Flipper Zero with its cute dolphin mascot looks like a Tamagotchi for hackers. Now, the seemingly innocent device is going viral on social media. The company itself claims the device is intended as a fun gadget for tech geeks and ethical hackers but the low price has seemingly made it a bit too accessible. One quick search on TikTok and you will find clips of people shutting off fast-food menus and playing arcade games for free.
What can the Flipper Zero do?
The Flipper Zero can read, copy, and emulate NFC, RFID, Infrared signals, iButton, and sub-gigahertz frequencies. That covers NFC-powered credit cards, RFID hotel card keys, TV remotes, car keys, and most wireless gadgets you can think of. That does sound quite scary and on top of that, the gadget is entirely legal.
The (good) limitations
It does however have limitations and is not as powerful as many social media clips make it out to be. Its range is limited and to read an NFC signal it has to be very close to the source to copy it. Credit cards are also encrypted so even if it does record its NFC signal it only gets the number and name on it, not the pin code and not the CVC key.
It also has built-in limitations that stop it from emulating what’s known as rolling codes, a system that for example modern car keys use. The company behind Flipper Zero has however admitted that there are some cars that use outdated security systems that can be cracked.
As far as RFID goes, if the data has encryption it’s entirely safe and the Flipper can’t read it, but old systems are still at risk.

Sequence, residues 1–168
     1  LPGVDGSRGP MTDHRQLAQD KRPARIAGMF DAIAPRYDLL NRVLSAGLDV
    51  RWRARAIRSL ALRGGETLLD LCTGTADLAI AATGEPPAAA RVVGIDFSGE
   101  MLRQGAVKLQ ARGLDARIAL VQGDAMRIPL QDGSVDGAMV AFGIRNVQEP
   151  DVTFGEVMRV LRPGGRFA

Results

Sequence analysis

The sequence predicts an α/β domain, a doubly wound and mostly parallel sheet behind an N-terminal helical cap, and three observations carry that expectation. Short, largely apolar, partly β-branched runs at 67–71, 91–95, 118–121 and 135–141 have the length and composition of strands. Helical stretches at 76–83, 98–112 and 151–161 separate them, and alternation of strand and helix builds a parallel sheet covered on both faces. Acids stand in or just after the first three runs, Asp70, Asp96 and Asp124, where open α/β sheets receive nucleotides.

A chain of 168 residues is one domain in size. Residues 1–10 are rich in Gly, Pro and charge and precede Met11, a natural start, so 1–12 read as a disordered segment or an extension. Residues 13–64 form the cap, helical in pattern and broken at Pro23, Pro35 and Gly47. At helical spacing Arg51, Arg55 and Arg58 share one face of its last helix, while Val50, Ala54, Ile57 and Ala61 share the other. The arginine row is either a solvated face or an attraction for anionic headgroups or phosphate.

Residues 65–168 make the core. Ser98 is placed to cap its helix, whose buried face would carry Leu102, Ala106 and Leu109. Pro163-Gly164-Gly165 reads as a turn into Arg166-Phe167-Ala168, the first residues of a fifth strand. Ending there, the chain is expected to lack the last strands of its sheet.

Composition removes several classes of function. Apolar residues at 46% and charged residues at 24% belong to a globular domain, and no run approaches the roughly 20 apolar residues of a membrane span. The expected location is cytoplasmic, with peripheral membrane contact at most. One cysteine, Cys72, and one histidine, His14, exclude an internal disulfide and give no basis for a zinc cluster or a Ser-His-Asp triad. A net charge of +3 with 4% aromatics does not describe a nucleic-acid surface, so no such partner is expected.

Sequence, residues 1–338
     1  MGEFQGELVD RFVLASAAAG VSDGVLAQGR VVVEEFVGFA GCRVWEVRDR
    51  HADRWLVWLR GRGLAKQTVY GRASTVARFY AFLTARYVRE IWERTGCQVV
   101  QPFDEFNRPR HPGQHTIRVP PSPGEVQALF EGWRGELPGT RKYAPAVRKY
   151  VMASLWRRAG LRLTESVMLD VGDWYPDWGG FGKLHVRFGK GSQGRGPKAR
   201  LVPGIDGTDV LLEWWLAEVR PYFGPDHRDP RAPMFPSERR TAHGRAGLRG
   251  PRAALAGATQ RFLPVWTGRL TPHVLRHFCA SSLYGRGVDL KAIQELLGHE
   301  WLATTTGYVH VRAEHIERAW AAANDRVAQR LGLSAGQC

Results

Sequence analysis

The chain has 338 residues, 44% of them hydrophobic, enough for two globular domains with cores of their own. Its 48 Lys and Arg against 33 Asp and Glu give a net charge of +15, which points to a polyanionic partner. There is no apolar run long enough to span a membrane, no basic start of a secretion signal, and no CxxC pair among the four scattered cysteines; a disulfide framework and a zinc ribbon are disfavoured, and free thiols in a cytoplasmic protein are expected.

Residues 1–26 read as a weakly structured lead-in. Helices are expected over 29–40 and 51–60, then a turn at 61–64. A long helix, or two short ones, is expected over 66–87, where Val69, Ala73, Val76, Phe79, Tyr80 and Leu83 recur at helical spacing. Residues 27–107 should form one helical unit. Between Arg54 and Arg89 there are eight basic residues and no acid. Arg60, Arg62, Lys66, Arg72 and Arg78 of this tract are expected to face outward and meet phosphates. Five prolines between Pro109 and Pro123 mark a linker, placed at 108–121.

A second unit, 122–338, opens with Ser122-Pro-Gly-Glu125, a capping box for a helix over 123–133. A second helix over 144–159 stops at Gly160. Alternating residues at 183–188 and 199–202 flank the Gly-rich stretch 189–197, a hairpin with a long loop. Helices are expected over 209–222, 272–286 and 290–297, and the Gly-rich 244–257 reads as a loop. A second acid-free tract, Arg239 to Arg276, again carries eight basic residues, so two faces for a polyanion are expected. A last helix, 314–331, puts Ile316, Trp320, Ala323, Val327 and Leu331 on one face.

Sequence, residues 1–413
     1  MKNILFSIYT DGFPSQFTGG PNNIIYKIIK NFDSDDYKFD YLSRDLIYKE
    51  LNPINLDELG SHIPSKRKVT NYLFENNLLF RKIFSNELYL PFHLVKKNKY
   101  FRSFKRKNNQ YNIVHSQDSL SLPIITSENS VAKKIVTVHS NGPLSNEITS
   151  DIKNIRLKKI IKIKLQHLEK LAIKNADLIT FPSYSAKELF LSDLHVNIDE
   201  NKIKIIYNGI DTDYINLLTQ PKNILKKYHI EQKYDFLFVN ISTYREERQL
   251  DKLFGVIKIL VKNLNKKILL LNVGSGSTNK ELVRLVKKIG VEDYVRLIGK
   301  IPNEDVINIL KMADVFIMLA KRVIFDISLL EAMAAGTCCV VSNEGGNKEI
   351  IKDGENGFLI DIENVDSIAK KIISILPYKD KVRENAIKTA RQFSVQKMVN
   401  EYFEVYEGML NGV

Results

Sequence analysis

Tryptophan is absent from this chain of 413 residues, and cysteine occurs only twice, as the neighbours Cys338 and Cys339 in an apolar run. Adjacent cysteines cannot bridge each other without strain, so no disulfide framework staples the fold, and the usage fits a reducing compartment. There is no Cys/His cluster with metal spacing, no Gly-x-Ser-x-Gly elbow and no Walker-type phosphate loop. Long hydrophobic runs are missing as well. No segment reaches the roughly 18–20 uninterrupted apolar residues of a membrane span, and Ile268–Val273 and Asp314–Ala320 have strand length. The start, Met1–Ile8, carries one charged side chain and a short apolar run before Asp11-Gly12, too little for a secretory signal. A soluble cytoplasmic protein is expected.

The bad capabilities
While the Flipper Zero is relatively tame out of the box it turns out that is quite easy to modify. Both the hardware and software can be modified and added to which, unfortunately, some people have been taking advantage of. One example is the videos circulating of people changing the prices displayed on gas station signs. Another one is the modifications that let it set off customer service announcements in department stores.
Flipper Zero also has the ability to brute force simple RFID locks, this means it won’t even need to copy the original key. Luckily, more advanced RFID keys won’t read signals more than every few seconds which prevents brute force attacks. The scary part about this is that most hotels still use the simple version of RFID locks so anyone with a Flipper Zero could technically walk into your room.
Flipper Zero can spam attack smartphones
Another functionality that is less than ideal in some people’s hands. It can’t do this out of the box but by downloading third-party firmware, Flipper Zero can flood smartphones and other devices with Bluetooth messages. At first, the weakness was only exposed on iOS devices which can even be locked up completely by Bluetooth spam attacks.
Android users are a bit better off as the devices can’t (as of now) be completely locked. There will, however, be constant device pairing pop-ups that won’t stop until Bluetooth is turned off. Windows devices can be attacked in the same way as Android but the pop-ups won’t be nearly as annoying as the windows are smaller.
Not the only device available
Flipper Zero is in no way the only device that can be used for pranks or more malicious attacks. In fact, there have been plenty of gadgets like this around for a long time and many of them are much more powerful. What makes Flipper stand out is the packaging and the low price which has caused it to go viral. In other words, it doesn’t create a new threat but rather highlights security flaws that are already out there.
One can question if it’s appropriate that a device that can get you into someone else’s hotel room should be legal. Perhaps this might change and a ban might be on its way as U.S customs have already seized a shipment of Flipper Zeros.